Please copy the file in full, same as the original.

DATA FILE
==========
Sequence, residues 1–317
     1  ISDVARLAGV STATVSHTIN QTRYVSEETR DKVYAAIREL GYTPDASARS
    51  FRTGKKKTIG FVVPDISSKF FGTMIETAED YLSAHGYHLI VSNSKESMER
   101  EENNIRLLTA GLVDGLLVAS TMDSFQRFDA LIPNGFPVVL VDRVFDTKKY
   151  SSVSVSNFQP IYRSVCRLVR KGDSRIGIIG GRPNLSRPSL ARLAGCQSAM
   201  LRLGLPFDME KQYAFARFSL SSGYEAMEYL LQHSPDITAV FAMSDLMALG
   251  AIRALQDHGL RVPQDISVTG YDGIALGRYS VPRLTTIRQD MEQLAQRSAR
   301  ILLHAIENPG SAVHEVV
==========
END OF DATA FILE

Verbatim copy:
Sequence, residues 1–317
     1  ISDVARLAGV STATVSHTIN QTRYVSEETR DKVYAAIREL GYTPDASARS
    51  FRTGKKKTIG FVVPDISSKF FGTMIETAED YLSAHGYHLI VSNSKESMER
   101  EENNIRLLTA GLVDGLLVAS TMDSFQRFDA LIPNGFPVVL VDRVFDTKKY
   151  SSVSVSNFQP IYRSVCRLVR KGDSRIGIIG GRPNLSRPSL ARLAGCQSAM
   201  LRLGLPFDME KQYAFARFSL SSGYEAMEYL LQHSPDITAV FAMSDLMALG
   251  AIRALQDHGL RVPQDISVTG YDGIALGRYS VPRLTTIRQD MEQLAQRSAR
   301  ILLHAIENPG SAVHEVV